Referring now to the keys orkey-bars, which are numbered consecutively from 1 to 13 in the drawings, this arrangement or order of the characters will be explained, this particular order being the result of careful study, and particularly adapted to enable speech or language to be rapidly recorded by mechanism. As the right hand is usually most used in manipulating the keys, I provide keys 1, 2, 3, 4, and 6, which are arranged in a curved line, so as to be simultaneously struck by the fingers and thumb of the right hand, with characters which separately represent in the order of their numbers S, D, V, T, and B, but the last four of which, combined in certain predetermined orders, represent nearly all the consonants required in stenography, and combined with 5 and 9, used jointly, serve to represent the vowels, numerals, a few of the consonants, and certain combinations of the 0011- sonants. Key 7 represents A, AN, AND, or I, its significance being determined by the context. Keys 5 and 9, respectively, bear marks which separately serve to indicate in the first syllable of each word whether the accented vowel of that word belongs to the first or to the third series of accented vowels, it being understood of course that in this system the ordinary stenographic plan is followed in classifying the vowels in three groups. As mentioned, keys 1 2 3 at 6 are in position to be readily struck simultaneously by the fingers and thumb of the right hand, and keys 8, 10, 11, 12, and 13 are similarly arranged for the left hand. Key 7 is in such position that it may be struck by the knuckle joint of the thumb of the right or left hand with or without moving the tips of the fingers or thumb from any of their keys. Keys 5 and 9 are so placed that the inner side of the hand or the fleshy base of the thumb of the respective hands may be readily caused to bear thereon likewise and to actuate said keys simultaneously with the others without changing the position of the tips or ends of the fingers or thumbs. In this way any or all of the keys may be simultaneously struck. This peculiar grouping of the keys is of the utmost importance, since it permits thirteen distinct keys to be manipulated with great rapidity without moving the fingers or thumbs of either hand from the keys specially provided for them.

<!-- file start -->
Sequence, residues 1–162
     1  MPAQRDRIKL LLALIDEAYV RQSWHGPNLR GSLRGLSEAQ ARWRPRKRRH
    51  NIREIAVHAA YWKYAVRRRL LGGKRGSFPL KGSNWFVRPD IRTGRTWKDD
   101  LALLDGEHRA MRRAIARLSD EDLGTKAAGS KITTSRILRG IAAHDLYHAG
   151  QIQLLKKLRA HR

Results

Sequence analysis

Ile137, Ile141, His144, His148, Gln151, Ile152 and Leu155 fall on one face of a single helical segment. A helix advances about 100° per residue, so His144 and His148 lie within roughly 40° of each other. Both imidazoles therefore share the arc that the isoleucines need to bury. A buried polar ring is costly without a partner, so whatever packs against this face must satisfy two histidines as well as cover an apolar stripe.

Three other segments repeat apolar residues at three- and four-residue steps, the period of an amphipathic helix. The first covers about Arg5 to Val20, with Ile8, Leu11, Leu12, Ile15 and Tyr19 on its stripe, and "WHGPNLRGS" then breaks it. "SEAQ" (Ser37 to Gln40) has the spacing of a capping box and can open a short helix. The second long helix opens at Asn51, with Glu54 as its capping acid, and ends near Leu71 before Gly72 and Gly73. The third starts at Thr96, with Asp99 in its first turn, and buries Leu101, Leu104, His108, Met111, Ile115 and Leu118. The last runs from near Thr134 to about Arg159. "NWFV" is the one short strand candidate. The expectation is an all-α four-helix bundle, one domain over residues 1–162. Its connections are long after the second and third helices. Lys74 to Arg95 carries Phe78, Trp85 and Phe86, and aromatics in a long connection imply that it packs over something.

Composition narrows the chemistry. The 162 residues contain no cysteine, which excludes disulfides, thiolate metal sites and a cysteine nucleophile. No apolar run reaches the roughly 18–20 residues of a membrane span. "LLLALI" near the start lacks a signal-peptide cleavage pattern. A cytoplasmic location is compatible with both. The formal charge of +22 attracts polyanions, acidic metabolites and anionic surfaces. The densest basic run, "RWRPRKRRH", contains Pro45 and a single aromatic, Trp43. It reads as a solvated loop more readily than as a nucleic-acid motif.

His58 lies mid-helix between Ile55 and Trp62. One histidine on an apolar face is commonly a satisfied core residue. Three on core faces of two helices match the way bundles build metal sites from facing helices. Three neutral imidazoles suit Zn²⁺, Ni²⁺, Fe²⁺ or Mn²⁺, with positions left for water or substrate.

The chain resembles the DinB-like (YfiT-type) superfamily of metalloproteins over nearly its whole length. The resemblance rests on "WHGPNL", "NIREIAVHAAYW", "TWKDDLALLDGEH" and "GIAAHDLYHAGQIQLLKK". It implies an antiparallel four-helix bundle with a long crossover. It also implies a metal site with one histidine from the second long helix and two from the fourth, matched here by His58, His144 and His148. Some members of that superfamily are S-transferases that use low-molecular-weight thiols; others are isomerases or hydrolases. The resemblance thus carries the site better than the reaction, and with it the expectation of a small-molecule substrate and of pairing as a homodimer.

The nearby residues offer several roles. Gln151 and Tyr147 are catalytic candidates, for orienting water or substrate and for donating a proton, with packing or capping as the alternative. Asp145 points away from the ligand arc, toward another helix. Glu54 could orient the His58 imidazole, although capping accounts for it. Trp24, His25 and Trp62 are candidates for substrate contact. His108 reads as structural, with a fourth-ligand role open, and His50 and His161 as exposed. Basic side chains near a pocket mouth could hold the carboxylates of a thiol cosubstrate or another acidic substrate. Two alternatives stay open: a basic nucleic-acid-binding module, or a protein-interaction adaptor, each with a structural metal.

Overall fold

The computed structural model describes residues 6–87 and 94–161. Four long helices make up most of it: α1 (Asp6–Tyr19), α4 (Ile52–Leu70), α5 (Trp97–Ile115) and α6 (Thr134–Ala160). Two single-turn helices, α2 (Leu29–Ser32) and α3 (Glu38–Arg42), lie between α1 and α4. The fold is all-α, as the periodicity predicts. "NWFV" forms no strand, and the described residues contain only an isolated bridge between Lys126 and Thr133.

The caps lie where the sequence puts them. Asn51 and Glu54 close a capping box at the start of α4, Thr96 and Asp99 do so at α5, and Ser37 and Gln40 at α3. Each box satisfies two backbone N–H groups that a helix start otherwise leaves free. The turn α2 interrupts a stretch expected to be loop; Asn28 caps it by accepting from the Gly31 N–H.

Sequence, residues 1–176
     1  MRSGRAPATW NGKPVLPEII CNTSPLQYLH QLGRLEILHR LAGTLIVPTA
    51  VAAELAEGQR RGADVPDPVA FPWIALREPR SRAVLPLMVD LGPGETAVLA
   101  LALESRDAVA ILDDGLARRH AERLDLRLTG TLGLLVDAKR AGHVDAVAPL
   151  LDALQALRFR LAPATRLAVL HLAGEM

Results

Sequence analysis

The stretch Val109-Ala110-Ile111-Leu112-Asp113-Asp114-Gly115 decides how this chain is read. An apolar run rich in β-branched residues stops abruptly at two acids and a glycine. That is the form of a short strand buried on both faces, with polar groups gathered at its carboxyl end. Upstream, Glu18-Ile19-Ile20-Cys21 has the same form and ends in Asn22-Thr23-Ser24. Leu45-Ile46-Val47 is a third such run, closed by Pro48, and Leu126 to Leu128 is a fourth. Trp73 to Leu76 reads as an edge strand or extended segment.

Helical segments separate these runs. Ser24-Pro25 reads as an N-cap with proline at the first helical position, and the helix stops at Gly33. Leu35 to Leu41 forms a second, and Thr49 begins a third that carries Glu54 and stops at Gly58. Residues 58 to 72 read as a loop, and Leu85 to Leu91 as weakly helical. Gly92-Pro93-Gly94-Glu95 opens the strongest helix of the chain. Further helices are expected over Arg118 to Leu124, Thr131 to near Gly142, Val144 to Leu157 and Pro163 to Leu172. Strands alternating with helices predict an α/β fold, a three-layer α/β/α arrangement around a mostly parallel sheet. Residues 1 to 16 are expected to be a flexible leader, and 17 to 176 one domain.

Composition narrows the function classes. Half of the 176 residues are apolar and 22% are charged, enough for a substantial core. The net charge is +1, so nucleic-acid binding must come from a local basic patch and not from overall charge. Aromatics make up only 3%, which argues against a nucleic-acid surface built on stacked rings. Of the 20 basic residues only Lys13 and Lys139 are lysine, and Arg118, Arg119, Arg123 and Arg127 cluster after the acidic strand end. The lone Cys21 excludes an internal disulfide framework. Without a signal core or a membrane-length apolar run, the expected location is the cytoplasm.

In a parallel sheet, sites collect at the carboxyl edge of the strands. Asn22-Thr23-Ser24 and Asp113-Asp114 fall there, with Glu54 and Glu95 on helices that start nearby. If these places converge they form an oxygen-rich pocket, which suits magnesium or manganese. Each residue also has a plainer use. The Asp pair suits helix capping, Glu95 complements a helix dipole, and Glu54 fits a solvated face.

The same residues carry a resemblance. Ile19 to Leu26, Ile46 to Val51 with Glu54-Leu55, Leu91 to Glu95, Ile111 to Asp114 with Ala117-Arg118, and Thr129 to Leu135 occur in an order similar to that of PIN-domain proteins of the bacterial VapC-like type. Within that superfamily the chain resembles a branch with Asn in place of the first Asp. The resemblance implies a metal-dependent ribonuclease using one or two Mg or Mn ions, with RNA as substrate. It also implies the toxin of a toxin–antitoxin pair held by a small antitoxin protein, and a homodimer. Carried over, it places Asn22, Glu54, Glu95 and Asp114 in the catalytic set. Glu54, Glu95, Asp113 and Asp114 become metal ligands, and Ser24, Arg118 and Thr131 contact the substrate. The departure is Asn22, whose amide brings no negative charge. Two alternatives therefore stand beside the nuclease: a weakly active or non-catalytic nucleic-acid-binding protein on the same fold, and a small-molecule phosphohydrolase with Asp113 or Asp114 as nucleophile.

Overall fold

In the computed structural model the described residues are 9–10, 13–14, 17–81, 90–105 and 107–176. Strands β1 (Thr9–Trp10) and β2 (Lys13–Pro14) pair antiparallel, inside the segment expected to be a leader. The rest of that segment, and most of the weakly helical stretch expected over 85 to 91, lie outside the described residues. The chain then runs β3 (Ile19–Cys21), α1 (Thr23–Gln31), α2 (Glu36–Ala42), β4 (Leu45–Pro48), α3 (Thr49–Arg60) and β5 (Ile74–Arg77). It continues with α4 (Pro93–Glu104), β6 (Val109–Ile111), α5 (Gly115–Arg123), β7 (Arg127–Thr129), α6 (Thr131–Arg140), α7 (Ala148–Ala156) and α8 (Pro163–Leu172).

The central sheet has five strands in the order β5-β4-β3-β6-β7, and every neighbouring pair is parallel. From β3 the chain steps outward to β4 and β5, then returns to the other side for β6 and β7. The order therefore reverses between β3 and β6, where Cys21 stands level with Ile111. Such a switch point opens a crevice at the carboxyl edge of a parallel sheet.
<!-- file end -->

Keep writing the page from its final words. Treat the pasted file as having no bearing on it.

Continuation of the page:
Letters, figures, numbers, syllables, or even words can be printed at a single stroke of this machine as fully as the same are written stenographically.